Only a few years before becoming a famous silent-film star and an icon of her generation, a fifteen-year-old Louise Brooks leaves Wichita, Kansas, to study with the prestigious Denishawn School of Dancing in New York. Much to her annoyance, she is accompanied by a thirty-six-year-old chaperone, who is neither mother nor friend. Cora Carlisle, a complicated but traditional woman with her own reasons for making the trip, has no idea what she’s in for. Young Louise, already stunningly beautiful and sporting her famous black bob with blunt bangs, is known for her arrogance and her lack of respect for convention. Ultimately, the five weeks they spend together will transform their lives forever.
For Cora, the city holds the promise of discovery that might answer the question at the core of her being, and even as she does her best to watch over Louise in this strange and bustling place she embarks on a mission of her own. And while what she finds isn’t what she anticipated, she is liberated in a way she could not have imagined. Over the course of Cora’s relationship with Louise, her eyes are opened to the promise of the twentieth century and a new understanding of the possibilities for being fully alive.
Drawing on the rich history of the 1920s, ’30s, and beyond—from the orphan trains to Prohibition, flappers, and the onset of the Great Depression to the burgeoning movement for equal rights and new opportunities for women—Laura Moriarty’s The Chaperone illustrates how rapidly everything, from fashion and hemlines to values and attitudes, was changing at this time and what a vast difference it all made for Louise Brooks, Cora Carlisle, and others like them.
- The Distance Between Us: A Memoir by Reyna Grande
Reyna Grande vividly brings to life her tumultuous early years in this “compelling . . . unvarnished, resonant” (BookPage) story of a childhood spent torn between two parents and two countries. As her parents make the dangerous trek across the Mexican border to “El Otro Lado” (The Other Side) in pursuit of the American dream, Reyna and her siblings are forced into the already overburdened household of their stern grandmother. When their mother at last returns, Reyna prepares for her own journey to “El Otro Lado” to live with the man who has haunted her imagination for years, her long-absent father.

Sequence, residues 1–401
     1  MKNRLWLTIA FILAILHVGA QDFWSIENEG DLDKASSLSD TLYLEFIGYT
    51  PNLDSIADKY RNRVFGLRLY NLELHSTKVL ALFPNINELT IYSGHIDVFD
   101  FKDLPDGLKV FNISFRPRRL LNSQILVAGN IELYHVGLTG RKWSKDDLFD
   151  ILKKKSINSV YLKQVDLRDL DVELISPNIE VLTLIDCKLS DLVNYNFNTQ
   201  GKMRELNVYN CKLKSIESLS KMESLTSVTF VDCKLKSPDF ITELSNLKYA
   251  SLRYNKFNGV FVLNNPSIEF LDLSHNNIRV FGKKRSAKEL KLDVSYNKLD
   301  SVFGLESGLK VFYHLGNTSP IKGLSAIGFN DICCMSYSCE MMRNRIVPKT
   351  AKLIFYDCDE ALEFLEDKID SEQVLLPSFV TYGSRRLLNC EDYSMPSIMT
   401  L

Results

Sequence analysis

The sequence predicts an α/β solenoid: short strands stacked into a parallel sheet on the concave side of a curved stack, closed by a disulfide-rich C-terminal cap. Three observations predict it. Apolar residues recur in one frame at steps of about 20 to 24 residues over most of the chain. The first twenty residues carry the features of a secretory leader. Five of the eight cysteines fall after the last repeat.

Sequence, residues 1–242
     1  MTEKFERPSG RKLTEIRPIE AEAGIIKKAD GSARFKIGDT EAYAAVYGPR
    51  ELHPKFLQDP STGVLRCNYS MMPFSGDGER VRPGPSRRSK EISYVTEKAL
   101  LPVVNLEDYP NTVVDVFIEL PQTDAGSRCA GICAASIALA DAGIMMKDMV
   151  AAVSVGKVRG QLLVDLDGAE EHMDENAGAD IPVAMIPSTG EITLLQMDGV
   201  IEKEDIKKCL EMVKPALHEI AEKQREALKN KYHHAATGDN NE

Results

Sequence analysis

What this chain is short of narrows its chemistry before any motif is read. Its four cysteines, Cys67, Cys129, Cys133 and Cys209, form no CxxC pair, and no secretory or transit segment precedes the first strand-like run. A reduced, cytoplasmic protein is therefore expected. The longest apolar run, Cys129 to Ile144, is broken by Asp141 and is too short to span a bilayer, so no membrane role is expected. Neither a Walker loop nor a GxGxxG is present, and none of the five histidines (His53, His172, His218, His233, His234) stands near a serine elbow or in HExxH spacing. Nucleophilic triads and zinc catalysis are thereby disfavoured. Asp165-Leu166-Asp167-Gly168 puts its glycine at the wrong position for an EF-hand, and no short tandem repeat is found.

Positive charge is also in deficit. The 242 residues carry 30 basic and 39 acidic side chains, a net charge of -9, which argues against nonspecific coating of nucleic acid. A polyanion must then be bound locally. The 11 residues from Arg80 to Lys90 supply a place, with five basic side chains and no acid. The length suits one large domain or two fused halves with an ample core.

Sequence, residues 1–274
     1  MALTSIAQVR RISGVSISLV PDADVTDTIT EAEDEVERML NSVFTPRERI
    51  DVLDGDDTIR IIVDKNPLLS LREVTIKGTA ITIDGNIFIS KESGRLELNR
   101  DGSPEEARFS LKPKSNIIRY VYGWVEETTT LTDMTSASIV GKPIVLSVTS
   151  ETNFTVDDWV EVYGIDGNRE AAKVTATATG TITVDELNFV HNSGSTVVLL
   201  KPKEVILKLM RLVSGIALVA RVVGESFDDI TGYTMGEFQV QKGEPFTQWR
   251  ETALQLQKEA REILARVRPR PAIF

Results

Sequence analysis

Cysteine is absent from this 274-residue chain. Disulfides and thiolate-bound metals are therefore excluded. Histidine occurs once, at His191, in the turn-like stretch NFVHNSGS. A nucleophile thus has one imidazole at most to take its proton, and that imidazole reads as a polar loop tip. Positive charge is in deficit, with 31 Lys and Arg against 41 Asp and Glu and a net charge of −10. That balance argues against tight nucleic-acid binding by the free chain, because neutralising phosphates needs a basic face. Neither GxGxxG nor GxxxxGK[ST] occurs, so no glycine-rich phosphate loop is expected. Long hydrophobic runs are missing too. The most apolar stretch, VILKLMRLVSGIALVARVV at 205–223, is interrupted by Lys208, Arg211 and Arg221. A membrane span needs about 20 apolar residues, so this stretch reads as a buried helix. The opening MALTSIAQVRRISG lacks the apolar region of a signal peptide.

Funny, heartbreaking, and lyrical, The Distance Between Us poignantly captures the confusion and contradictions of childhood, reminding us that the joys and sorrows we experience are imprinted on the heart forever, calling out to us of those places we first called home.
- The Dollmaker by Harriette Arnow
The Dollmaker was originally published in 1954 to immediate success and critical acclaim. In unadorned and powerful prose, Harriette Arnow tells the unforgettable and heartbreaking story of the Nevels family and their quest to preserve their deep-rooted values amidst the turmoil of war and industrialization. When Gertie Nevels, a strong and self-reliant matriarch, follows her husband to Detroit from their countryside home in Kentucky, she learns she will have to fight desperately to keep her family together. A sprawling book full of vividly drawn characters and masterful scenes, The Dollmaker is a passionate tribute to a woman's love for her children and the land.
- The Elegance of the Hedgehog by Muriel Barbery